At a time when fake news and lies have become a norm and speaking truth a crime, these walls of JNU are bearing the brunt of the fascist state. The walls whose art gets widely covered in the national and international media and that which forms the base of many thesis and dissertations. This shows how the state trembles at truth, if spoken – especially through walls meant for voices of the streets and the masses. These fascists fear the walls of JNU because they represent ideas that build India; the ideas of justice, equality and liberty, and a society free of oppression.

These walls mirrors the society filled with inequality, oppression and injustice. They are a canvas and a paradise for the poor. They are a canvas to paint their pain and suffering, and paradise to learn, educate and fight back the injustice.

Wall poster in JNU. Image by special arrangement.

Mandela, Ambedkar, Periyar, Savitri bhai, Pule, Marx, Ashfaqullah, Rosa Luxemberg, Lenin and many others whose books and ideas have been bundled and stored inside libraries spoke to them. These walls unpacked their ideas, brought them closer to the people on streets; they made the masses to understand the essence to resist and cherish the resistance.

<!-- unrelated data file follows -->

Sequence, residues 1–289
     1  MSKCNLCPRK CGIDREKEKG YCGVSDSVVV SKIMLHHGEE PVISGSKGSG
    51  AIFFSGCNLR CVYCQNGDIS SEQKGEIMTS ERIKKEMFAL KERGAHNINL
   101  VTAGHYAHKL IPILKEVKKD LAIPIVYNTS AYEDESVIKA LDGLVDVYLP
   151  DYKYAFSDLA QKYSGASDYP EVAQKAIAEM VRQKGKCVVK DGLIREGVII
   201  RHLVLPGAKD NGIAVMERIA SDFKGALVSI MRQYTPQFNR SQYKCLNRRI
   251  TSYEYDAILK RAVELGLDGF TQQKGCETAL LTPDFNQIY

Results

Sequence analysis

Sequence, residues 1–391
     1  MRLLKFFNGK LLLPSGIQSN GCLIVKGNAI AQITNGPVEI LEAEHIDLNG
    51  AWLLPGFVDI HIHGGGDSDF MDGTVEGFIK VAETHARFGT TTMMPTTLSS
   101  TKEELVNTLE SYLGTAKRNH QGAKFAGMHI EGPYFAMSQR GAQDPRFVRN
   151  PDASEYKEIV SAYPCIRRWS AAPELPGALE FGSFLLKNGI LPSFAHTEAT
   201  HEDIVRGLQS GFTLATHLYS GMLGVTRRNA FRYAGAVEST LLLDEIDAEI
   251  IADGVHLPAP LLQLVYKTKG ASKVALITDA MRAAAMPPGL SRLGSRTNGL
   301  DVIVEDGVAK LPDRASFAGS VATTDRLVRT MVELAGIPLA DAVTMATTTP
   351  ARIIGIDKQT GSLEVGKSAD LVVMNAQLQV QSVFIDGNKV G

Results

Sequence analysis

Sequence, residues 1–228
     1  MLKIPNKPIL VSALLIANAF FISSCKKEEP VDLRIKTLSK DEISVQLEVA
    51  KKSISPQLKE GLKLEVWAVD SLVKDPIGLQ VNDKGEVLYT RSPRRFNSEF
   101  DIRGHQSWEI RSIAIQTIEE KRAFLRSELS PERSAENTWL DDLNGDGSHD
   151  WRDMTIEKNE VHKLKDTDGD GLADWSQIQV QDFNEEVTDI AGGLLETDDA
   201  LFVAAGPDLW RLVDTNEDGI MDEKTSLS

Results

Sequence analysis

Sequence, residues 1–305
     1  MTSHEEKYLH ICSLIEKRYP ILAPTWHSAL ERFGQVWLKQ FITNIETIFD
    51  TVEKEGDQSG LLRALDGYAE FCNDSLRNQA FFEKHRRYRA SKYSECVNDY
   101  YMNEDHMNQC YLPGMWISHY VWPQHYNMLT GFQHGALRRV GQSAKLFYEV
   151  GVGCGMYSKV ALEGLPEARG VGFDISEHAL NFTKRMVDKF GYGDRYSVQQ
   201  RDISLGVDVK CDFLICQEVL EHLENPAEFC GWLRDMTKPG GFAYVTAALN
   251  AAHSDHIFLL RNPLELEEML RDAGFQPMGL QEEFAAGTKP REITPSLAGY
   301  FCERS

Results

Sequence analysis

They were yesteryear’s social media for youngsters that brought out their creativity and gave them the freedom from fear to speak their mind through art, words and paintings. However the way social media has been taken over by trolls of the fascists, who wait to hound, today the government and the university administration are taking down the wall posters of the university.

Mamidala Jagadesh Kumar, the vice chancellor (VC), says that the university has adopted Delhi Defacement Act and therefore these ideas, posters, painting and walls itself are a “defacement”.

Mr VC, please tell me – “Is speaking about Bhagat Singh “defacement” in a university? Is learning annihilation of caste from the walls “defacement” ? Is experience of women like Rosa Luxemberg, Savitribai and other who are speaking through the walls of JNU “defacement” ? Is preaching rationality that is the essence of Indian constitution by Periyar who is standing tall on JNU’s wall “defacement” ? Or is writing and painting about the legacy of Birsa Munda whose life is a celebration for anyone and everyone who fights for tribals and forest rights a “defacement”?”